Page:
Camp Fire Stories
Camp Fire Columbia Take Pride In Offering a Place for Everyone: Top Workplaces 2021
Makenzie Marineau, who does communications for Camp Fire Columbia, doubles as a camp counselor for the organization’s summer day camp at Woodlawn Elementary School in Portland, Aug. 5, 2021. With Marineau is camper Sarai Miller. Beth Nakamura/Staff
CAMP FIRE COLUMBIA’s focus on equity and its positive impact on both its employees and its community have earned the youth-focused nonprofit the honor of being a Top Workplaces winner for a second consecutive year.
The Oregonian/OregonLive’s annual Top Workplaces competition, now in its 10th year, selects winners based on anonymous employee feedback.
As a local council of the national Camp Fire youth development organization, Camp Fire Columbia has provided programming options to children throughout Oregon and southwest Washington for a century. Its residential summer program, Camp Namanu, was founded in 1924.
Today, Camp Fire Columbia’s services include summer camps and school-based programming throughout the region. Camp Fire Columbia’s before and after school programs serve a total of 15 West Linn and Portland schools; six McMinnville locations will join the 2021-2022 lineup. Teen programs operate in the David Douglas, Reynolds, and Portland Public Schools districts.
Before and after school programs offer student enrichment – such as homework assistance alongside art, athletic, and other activities – during the academic week, on teacher in-service days when students are not in class, and over holiday breaks. Teen programs serve middle and high schools with large populations of marginalized students, providing mentorship, college prep, and family support.
“We’re a place for everyone,” said Makenzie Marineau, communications manager at Camp Fire Columbia.
“That’s at the forefront of everything. Camp Fire is welcoming – not only to those who come and partake in our offerings but also for those who work here.”
“Camp Fire Columbia really leads with its values,” added Marineau, referencing specifically the organization’s focus on equity. Committed to “helping all students light their fire within,” Camp Fire Columbia actively prioritizes racial equity in its programming, training, and hiring. According to its equity statement, its goal is to “address the racial predictability of youth achievement academically, socially, and economically.”
Camp staffer Kevin Wong assists young artists Jahmia Moody (left) and Lucy Jones-Redstone at Camp Fire Columbia’s summer day camp at Woodlawn Elementary School in Portland, Aug. 5, 2021. Beth Nakamura/Staff
This focus extends to examining disparities in employee compensation. “We just went through a big pay equity audit process,” said Gina Sander, camp director. “We’re in a really great place where even our entry-level positions have a livable wage.”
The organization employs 25 year-round staff and more than 50 seasonal employees, and will likely exceed 100 employees this school year. Its revenue for 2019, the most recent year available, was $5,543,299.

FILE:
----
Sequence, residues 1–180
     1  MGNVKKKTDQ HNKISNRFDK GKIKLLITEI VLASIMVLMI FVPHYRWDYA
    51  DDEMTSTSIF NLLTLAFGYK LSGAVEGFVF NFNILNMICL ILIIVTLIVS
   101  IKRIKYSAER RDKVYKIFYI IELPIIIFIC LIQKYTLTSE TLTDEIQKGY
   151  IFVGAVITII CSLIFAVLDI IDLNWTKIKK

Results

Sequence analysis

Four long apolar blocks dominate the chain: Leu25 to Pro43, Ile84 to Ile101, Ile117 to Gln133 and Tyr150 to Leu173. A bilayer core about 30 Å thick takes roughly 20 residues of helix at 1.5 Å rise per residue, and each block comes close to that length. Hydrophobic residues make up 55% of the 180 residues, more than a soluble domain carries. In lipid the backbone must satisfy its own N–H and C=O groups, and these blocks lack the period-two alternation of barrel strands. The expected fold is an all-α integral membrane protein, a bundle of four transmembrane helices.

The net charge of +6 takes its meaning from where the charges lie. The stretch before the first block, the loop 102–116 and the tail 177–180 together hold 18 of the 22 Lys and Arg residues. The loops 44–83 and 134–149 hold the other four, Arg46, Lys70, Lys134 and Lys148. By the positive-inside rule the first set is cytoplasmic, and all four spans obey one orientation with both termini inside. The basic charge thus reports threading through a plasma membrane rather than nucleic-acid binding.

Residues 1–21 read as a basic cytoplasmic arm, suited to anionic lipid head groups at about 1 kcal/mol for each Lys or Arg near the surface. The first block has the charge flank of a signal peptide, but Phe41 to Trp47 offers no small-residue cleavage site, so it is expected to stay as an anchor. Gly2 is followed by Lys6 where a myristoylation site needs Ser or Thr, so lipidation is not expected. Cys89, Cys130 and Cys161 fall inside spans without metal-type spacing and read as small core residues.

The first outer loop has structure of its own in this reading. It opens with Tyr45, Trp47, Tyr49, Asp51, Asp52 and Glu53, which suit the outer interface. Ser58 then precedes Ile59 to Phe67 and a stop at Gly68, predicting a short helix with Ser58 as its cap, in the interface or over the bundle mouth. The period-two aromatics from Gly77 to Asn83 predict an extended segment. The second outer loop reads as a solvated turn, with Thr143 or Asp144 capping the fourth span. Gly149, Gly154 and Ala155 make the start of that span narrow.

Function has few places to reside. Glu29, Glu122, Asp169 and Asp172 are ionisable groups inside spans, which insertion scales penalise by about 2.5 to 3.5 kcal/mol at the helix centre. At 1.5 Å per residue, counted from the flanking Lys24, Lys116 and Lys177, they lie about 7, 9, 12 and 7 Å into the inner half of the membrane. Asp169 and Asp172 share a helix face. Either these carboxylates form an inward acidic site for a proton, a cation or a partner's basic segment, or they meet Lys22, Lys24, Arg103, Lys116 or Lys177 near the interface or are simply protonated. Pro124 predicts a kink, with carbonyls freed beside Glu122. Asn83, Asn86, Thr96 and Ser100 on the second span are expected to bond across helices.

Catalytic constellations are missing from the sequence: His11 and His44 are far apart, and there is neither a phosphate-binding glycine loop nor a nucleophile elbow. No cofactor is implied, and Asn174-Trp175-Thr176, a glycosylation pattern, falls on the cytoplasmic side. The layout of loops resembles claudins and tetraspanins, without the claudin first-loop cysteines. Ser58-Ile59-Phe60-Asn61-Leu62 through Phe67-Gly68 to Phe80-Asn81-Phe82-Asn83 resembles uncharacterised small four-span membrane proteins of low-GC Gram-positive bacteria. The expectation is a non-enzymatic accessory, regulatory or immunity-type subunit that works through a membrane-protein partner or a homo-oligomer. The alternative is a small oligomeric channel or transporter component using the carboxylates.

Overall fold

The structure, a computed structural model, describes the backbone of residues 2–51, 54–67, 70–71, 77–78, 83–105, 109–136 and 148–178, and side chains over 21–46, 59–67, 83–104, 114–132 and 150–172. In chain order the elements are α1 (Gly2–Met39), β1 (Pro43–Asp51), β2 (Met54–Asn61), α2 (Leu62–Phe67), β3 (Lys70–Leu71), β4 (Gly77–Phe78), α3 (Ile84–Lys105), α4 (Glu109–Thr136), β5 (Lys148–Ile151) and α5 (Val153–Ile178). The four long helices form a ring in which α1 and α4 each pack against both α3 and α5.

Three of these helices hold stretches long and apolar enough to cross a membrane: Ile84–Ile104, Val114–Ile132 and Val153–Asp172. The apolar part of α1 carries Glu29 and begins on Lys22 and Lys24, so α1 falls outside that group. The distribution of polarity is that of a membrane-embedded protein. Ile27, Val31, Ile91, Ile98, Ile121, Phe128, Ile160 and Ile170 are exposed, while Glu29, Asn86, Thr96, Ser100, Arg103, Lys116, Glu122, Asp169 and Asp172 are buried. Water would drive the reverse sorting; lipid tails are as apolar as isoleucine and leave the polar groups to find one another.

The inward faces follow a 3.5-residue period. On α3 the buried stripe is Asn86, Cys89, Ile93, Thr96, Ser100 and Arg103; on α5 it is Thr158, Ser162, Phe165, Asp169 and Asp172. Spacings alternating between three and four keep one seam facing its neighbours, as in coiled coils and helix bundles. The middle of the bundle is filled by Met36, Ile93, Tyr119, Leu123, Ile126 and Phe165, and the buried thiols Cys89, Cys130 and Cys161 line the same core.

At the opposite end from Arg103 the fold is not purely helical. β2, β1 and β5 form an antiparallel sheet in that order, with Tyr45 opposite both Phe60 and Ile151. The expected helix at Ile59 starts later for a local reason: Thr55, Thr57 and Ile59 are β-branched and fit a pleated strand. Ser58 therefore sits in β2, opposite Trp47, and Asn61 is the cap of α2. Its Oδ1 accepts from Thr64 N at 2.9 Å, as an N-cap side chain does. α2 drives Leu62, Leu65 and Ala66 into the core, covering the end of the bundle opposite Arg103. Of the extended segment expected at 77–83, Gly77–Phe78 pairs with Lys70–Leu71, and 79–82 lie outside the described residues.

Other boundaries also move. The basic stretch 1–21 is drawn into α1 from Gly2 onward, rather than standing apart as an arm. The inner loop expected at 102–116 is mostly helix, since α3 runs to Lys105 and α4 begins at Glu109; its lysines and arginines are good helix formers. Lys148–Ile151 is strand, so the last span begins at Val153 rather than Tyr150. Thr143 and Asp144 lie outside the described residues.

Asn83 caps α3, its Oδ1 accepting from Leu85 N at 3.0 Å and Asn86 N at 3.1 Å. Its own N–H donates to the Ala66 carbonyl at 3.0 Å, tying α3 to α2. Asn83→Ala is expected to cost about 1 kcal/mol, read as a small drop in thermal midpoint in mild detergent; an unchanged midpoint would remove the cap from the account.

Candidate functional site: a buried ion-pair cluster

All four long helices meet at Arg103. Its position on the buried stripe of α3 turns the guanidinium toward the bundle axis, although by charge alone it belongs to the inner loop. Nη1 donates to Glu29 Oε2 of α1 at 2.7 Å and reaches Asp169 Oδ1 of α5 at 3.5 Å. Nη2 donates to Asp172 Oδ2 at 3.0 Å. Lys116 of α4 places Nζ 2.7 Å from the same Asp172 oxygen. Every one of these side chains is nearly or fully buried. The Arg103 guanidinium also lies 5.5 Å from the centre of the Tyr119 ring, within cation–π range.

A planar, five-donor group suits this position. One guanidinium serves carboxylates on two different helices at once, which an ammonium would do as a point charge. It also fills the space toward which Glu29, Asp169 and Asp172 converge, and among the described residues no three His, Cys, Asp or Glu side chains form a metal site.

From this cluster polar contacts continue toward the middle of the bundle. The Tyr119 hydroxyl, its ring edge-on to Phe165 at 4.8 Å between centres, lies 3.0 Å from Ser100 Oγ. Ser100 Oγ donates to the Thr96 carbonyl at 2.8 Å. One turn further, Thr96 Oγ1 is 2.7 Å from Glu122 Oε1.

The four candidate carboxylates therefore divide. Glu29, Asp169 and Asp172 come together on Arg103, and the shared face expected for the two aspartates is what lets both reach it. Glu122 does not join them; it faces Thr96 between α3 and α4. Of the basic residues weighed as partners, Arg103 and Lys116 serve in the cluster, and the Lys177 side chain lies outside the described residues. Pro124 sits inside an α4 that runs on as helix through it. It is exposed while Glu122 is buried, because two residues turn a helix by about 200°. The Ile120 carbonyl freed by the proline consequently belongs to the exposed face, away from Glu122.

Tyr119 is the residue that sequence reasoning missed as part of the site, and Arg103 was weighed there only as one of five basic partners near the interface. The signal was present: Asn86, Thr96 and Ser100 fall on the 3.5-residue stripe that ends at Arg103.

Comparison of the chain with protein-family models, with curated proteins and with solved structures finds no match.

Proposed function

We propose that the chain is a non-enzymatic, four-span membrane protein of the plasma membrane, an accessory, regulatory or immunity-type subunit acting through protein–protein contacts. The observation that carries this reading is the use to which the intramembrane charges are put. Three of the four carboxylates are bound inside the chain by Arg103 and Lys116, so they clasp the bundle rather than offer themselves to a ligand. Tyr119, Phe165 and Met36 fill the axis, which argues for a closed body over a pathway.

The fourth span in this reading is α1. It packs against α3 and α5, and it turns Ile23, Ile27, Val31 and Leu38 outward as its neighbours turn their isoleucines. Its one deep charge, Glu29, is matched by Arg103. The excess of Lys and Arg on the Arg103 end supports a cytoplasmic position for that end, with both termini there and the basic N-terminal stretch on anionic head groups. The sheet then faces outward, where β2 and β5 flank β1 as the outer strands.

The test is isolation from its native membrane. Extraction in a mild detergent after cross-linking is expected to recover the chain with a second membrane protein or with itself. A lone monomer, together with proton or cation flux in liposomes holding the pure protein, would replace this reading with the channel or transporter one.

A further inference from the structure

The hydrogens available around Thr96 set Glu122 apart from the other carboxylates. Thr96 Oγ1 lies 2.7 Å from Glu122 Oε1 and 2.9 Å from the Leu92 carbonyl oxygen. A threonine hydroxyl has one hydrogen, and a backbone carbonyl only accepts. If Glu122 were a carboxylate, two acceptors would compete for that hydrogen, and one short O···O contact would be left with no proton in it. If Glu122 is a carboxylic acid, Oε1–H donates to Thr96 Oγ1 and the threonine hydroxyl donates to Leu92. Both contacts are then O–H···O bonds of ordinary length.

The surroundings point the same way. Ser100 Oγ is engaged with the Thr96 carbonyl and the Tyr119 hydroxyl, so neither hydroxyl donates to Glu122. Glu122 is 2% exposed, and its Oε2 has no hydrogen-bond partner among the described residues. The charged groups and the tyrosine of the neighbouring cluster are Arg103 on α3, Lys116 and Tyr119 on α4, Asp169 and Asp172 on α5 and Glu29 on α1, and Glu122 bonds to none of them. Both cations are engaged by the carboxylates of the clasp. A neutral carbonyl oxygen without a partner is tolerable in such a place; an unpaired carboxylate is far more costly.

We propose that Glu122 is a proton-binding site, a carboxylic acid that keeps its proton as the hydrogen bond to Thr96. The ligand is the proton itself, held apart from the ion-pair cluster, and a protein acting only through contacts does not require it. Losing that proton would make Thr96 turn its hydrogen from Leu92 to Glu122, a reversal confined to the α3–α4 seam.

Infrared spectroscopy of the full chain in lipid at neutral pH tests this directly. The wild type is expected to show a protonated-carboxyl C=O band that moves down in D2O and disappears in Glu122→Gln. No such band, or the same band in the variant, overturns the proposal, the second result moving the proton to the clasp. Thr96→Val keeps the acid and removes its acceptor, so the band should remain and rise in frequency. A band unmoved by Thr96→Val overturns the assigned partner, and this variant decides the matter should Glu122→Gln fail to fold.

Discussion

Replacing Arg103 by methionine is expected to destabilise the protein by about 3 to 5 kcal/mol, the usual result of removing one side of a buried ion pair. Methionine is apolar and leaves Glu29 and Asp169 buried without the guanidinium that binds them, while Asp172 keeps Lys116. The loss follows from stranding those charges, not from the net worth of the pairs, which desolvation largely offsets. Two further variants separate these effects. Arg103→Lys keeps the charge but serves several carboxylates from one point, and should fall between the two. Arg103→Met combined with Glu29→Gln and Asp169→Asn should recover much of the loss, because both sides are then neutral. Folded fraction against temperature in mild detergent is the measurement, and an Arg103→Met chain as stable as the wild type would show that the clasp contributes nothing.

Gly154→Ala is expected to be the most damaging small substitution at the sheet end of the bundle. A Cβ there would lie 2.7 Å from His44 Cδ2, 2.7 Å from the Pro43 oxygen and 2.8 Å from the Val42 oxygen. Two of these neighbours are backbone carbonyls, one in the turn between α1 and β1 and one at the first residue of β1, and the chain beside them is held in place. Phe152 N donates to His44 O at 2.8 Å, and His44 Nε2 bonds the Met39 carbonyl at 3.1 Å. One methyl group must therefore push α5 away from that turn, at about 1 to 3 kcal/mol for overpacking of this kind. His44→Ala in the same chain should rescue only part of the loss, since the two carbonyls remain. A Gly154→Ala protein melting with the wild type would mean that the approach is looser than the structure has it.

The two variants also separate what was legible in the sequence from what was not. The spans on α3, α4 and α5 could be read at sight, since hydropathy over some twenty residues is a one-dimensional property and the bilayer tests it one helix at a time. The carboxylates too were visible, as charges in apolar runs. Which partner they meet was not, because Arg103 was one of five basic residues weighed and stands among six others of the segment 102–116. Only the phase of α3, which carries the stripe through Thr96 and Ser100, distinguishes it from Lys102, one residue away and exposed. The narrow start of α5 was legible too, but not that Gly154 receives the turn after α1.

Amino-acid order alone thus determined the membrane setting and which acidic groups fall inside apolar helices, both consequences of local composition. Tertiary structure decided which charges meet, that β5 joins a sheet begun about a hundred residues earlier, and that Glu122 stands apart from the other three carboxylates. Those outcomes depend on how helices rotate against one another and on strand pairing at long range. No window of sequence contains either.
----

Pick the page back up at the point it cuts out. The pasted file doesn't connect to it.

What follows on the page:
Sander said the COVID-19 pandemic showed leadership’s determination to weather the storm on behalf of employees and keep benefits and pay in place. Grants, loans, and fundraising were pivotal to the organization’s efforts to avoid layoffs.
While many other organizations in the youth services sector took large hits due to the pandemic, Camp Fire Columbia worked to raise hourly wages to a minimum of $19 an hour, provide paid holidays to all employees, and ensure staff could transition into roles that worked for them, whether seasonal, temporary, or long-term.
“There is a lot of flexibility; you can work just a summer or just the school year,” Marineau said. “There’s the sense of really putting our employees first.”
Sander agreed that the breadth of the organization’s programming gives staff many options. She started with Camp Fire Columbia in 2009 as a seasonal employee, then moved to before and after school programs for six years. Other positions she has held include site supervisor and district coordinator, as well as her current role as camp director.
“One of the big things that has kept me here is that Camp Fire has continued to grow and morph, year after year,” said Sander, who once worked for two years elsewhere. “It’s hard to realize how much of that is happening until you go somewhere else. There is a lot of focus on reflection – what can we do to make the staff experience better, what can we do to make the family experience better.”
Marineau said that the impact of the organization on its community is part of what inspires her work, as well as Camp Fire Columbia’s dedication to employees.
“It is inspirational to see all the things we are doing, and how far our reach extends,” she said. “Everybody is doing something different, but always has a team that can support you and really be there. This community is special.”
See more Top Workplaces coverage at OREGONLIVE.COM/TOPWORKPLACES.